In my personal practice, I do several types of mental training, which I loosely categorize into three bins. (Disclaimer: My perspective on these techniques is idiosyncratic, so take their descriptions with a grain of salt. Moreover, these techniques have often not been developed with an orientation towards rigorous science or careful experimentation, so take their utility with as much salt as suits your taste.)
I got my start in mindfulness techniques with a practice called relational meditation (or "circling"
). Relational meditation takes a classic mindfulness orientation
-- purposeful direction of non-judgmental attention towards present-moment experience -- and applies it to active social interactions. So instead of meditating quietly alone, you're meditating while in conversation with another person (who is also meditating), and talking about what's happening internally as you interact. I became a facilitator of this technique and ran workshops on it for a while.
From relational meditation, I jumped into more classical meditation, started meditating daily by myself, and spent two months living at a secular monastery with Zen Buddhist roots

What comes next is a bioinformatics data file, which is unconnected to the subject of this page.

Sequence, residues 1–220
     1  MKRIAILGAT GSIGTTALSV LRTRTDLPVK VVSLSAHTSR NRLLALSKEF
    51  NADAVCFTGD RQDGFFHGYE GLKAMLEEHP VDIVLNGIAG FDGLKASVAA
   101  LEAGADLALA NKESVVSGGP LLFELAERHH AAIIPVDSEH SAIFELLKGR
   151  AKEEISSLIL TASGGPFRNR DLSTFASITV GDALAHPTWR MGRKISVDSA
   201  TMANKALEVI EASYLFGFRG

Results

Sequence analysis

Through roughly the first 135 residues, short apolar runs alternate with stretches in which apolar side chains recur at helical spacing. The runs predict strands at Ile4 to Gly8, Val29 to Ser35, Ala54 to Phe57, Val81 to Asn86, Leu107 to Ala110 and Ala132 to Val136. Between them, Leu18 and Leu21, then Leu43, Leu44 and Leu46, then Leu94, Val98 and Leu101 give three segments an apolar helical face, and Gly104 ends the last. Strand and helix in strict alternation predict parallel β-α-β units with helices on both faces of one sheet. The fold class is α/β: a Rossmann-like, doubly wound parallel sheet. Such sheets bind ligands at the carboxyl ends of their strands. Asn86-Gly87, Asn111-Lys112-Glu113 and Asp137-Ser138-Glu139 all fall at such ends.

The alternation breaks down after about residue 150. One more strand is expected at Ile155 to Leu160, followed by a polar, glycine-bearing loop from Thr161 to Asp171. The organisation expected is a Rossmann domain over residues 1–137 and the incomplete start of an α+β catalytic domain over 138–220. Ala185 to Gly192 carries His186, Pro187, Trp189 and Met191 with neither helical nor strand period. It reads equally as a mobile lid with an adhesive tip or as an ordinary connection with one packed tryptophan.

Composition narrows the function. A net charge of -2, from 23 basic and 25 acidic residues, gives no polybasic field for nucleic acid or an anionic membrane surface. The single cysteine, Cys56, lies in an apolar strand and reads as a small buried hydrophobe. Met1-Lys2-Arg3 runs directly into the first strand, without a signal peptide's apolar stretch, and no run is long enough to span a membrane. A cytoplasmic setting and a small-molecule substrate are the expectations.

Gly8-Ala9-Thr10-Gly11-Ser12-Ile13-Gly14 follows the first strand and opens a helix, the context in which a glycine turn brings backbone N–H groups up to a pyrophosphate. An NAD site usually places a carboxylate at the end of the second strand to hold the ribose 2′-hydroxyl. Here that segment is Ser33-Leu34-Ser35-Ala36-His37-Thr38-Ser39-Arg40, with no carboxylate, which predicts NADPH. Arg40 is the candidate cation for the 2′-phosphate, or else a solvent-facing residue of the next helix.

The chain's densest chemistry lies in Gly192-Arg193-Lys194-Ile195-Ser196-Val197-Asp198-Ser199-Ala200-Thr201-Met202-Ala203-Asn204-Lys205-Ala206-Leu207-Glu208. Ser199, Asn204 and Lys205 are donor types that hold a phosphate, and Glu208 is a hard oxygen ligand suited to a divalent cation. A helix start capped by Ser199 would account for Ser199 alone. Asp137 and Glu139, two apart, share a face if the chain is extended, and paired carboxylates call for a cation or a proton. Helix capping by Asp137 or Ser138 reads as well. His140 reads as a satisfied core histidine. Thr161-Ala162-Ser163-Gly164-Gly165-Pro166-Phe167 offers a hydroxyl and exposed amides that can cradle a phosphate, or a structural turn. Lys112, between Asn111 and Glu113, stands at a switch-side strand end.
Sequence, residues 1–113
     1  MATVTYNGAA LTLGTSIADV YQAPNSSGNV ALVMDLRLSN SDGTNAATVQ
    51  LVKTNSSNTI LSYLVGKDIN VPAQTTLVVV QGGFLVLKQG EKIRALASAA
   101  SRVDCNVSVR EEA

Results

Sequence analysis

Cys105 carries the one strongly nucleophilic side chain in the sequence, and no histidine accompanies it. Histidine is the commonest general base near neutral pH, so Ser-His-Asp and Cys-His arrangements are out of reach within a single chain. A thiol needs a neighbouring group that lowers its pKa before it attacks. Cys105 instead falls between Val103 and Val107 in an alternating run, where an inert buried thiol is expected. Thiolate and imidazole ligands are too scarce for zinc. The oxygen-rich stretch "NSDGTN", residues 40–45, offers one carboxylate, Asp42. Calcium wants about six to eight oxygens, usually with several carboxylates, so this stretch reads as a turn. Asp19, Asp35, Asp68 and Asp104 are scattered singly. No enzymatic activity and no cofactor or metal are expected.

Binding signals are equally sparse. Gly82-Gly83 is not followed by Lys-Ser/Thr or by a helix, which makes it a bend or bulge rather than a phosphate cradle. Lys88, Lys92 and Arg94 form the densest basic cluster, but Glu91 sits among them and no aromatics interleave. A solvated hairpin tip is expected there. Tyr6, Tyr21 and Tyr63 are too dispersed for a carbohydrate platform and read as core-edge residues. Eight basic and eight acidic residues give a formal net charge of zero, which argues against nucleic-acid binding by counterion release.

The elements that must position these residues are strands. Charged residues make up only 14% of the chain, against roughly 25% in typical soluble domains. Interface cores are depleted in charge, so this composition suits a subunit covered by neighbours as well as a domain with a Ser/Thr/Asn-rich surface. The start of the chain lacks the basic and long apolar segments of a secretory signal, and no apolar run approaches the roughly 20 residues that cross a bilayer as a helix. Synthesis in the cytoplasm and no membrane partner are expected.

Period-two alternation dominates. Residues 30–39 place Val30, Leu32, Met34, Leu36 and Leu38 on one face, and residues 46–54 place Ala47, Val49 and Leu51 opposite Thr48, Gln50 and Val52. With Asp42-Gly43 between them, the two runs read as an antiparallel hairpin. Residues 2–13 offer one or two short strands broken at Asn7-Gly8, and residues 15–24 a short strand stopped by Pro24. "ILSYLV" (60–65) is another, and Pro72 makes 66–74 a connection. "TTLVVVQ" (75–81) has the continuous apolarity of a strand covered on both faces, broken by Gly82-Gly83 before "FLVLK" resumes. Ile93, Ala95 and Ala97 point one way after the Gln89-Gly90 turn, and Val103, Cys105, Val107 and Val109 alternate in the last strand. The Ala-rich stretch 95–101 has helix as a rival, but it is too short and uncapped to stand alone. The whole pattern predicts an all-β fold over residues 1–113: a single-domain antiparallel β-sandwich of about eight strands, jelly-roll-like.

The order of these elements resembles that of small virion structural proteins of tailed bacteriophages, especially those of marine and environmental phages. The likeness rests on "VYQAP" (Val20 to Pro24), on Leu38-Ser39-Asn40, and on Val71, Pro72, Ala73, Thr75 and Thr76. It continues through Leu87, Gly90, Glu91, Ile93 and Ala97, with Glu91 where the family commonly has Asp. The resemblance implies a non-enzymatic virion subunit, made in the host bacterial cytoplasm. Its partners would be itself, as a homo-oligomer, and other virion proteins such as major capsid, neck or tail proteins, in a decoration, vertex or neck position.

Somatic awareness approaches
Through my meditation experience, I became interested in a related set of approaches that I call "somatic awareness" techniques. Psychologists are likely familiar with the idea of "somatic markers"
: that important decision-relevant information can be encoded
in somatic signals like skin conductance or muscle contraction. The claim behind somatic awareness approaches to introspection training
is that these signals are happening continuously, can be high-dimensional and richly informative, and, through practice, can be increasingly brought into conscious awareness. The technique that I have explored the most in this space is called "focusing"
Finally, I have been heavily influenced by a third set of approaches that I call "rationalist" approaches. What unites these is that they draw explicitly from experimental psychology and analytic philosophy, and they adopt a relatively more scientific mindset; although they don't run full-blown randomized controlled experiments, they rely on careful reasoning, self-critique, and informal experimentation to develop their methods. In this space, I have been influenced by techniques developed by Leverage Research
(in particular "belief reporting"), the Center for Applied Rationality
(see their handbook
), and Joe Edelman's
work (including the Future Togetherness Test Kitchen